USA: Missouri becomes the first state to vote to reject “right to work”

Missouri voters overwhelmingly threw out a right-to-work bill, on August 7th – becoming the the first-ever state to reject a right-to-work law.

Right-to-work laws stop unions from collecting compulsory subscriptions in private-sector workplaces where they represent the workers. The Trump administration and along with Republicans have been implementing a state by state strategy to introduce ‘right to work’  laws which have been adopted in 27 states.

Right to work laws seek to limit union strength and power – a 2015 study from the Economic Policy Institute, a nonprofit think tank in Washington, D.C., found that wages in right-to-work states are 3.1% behind pay in states where unions can collect dues from all employees – union members or not.

Eric Greitens, the former governor of Missouri who resigned in June in the midst of accusations of campaign-finance violations and a criminal investigation into sexual misconduct, signed a bill into law in January 2017, making Missouri the 28th right-to-work state in the U.S.

Unions in the state swiftly opposed the bill, organising a petition that garnered more than 300,000 signatures calling for the issue to be decided via referendum.

The Republican-controlled State House shifted the vote to a primary vote from the general vote in November last year, mistakenly thinking that the lower-turnout election would would swing the vote in favour of ‘right to work’ .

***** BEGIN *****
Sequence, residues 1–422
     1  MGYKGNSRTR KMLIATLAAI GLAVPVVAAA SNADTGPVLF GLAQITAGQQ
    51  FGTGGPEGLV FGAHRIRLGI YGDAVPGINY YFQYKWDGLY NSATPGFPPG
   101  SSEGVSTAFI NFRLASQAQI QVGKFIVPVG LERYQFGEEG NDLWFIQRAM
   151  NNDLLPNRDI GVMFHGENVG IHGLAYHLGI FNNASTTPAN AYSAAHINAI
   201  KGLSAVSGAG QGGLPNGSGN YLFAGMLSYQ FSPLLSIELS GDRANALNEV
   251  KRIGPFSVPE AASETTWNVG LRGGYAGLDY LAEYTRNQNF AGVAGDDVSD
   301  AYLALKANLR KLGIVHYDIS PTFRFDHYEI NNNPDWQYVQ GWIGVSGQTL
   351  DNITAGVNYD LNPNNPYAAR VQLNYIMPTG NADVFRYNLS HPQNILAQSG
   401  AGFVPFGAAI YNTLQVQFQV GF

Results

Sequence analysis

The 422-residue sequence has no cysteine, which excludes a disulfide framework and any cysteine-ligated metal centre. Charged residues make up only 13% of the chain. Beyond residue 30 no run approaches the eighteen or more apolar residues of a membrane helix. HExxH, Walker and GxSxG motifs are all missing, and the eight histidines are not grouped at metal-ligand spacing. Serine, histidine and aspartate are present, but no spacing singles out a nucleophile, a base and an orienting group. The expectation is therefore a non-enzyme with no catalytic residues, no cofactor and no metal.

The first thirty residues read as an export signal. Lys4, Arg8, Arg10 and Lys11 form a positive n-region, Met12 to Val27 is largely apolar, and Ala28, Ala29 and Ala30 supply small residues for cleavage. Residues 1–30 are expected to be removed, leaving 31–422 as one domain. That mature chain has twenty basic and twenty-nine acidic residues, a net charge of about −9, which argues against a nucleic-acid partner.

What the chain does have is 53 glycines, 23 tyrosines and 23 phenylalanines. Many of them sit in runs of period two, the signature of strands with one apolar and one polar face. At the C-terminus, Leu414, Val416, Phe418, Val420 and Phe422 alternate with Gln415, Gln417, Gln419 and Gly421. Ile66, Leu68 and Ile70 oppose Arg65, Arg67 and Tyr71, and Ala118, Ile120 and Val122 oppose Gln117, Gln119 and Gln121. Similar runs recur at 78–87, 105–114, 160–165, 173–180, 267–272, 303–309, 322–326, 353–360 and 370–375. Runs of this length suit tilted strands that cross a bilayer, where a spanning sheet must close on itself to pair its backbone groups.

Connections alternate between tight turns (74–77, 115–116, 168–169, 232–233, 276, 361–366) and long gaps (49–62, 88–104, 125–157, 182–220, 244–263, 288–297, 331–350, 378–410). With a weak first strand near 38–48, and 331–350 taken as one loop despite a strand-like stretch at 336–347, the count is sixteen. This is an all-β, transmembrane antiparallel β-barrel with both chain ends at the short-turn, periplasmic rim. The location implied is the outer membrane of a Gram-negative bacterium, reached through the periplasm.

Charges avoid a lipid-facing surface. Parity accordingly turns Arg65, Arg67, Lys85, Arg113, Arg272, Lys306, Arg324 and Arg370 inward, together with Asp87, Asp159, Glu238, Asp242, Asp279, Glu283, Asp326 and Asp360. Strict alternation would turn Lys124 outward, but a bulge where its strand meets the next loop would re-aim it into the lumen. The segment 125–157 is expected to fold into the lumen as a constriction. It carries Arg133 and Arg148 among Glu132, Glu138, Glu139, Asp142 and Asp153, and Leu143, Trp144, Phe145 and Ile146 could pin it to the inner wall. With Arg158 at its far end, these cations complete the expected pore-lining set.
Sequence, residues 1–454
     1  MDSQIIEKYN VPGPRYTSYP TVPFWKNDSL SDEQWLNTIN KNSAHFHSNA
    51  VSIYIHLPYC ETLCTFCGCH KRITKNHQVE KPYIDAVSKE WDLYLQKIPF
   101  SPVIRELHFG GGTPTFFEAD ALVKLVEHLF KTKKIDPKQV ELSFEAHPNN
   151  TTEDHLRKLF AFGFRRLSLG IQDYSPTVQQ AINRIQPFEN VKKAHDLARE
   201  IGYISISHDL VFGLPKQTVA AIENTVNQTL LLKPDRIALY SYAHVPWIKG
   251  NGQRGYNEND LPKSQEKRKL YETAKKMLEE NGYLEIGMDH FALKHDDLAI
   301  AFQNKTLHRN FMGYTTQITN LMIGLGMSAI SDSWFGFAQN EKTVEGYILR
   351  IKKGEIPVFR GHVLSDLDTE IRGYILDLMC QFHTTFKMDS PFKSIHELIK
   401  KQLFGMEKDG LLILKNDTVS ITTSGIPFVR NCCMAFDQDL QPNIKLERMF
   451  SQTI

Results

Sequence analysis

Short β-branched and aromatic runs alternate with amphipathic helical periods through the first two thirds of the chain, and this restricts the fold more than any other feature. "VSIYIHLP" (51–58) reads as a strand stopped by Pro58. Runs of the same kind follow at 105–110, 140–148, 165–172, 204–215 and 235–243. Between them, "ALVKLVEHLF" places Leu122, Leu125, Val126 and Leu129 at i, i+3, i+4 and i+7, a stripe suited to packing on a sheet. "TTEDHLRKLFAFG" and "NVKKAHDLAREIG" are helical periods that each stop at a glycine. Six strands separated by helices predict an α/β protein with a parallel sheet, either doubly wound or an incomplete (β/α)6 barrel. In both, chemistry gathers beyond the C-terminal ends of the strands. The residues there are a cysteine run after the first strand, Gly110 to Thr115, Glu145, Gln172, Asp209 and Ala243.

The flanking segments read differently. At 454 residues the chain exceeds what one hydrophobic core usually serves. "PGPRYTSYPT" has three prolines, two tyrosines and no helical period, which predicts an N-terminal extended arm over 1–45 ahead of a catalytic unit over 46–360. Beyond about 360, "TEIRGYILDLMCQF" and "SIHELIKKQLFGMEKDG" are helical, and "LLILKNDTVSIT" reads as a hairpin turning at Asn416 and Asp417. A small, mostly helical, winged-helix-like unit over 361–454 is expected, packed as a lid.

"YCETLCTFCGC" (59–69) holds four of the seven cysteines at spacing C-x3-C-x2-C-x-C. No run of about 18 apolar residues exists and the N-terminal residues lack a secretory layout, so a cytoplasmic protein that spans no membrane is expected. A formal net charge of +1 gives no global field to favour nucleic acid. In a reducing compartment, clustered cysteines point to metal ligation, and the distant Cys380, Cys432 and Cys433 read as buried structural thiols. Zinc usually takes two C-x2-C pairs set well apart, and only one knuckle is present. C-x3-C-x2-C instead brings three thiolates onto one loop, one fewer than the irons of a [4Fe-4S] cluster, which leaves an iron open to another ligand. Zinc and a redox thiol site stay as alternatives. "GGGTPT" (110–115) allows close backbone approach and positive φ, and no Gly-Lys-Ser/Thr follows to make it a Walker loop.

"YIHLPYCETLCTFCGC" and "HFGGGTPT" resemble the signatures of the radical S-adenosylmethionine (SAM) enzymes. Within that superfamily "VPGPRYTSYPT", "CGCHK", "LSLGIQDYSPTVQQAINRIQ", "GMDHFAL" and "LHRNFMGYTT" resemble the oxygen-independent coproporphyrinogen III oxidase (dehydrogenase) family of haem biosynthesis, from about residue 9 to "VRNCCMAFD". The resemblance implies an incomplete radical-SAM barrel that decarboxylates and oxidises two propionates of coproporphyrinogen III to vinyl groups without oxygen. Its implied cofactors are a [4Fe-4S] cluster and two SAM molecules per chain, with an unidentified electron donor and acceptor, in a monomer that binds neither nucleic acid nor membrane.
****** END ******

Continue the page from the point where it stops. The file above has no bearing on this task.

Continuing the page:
But approximately 67% of the state voted against Greitens’s bill, effectively killing it.

Unions in Missouri and nationwide, according to The Associated Press, spent around $15 million campaigning against right-to-work laws in the state, on the grounds that such policies tend to drive down employee wages.

This vote follows the Janus v. AFSCME decision tin late June, in which the Supreme Court ruled that public-sector unions cannot require non-union employees to pay dues to cover collective bargaining, essentially making all government jobs right-to-work.

By barring public-sector unions from collecting dues from all of the employees they represent, the Janus ruling makes it more difficult for unions to effectively lobby on behalf of the workers they support.

Missouri voters overwhelmingly voted for Trump in 2016, the fact that these same voters expressed such unified dissatisfaction with a key  conservative policy is significant, but not the first sign of anti-labour policies falling out of favor in Republican states.

Mike Louis the President of the Missouri AFL – CIO said: “Working families have stood united against this anti-worker legislation since the very beginning. Right to work is a threat to the stability of our families and communities. Stopping the passage of right to work in Missouri helps our momentum to fight this bad legislation nationally.

Our win yesterday proves yet again that working people are fired up and will not relent in our fight for a level economic playing field and the freedom for all workers to collectively bargain for higher wages, better benefits, and a loud, clear voice on the job.

Thank you for standing with us and supporting our work here for Missouri’s workers and the entire labor movement. It would mean a lot to us if you would proudly share this graphic. It is, after all, a win for all working people.”

More coverage click here.

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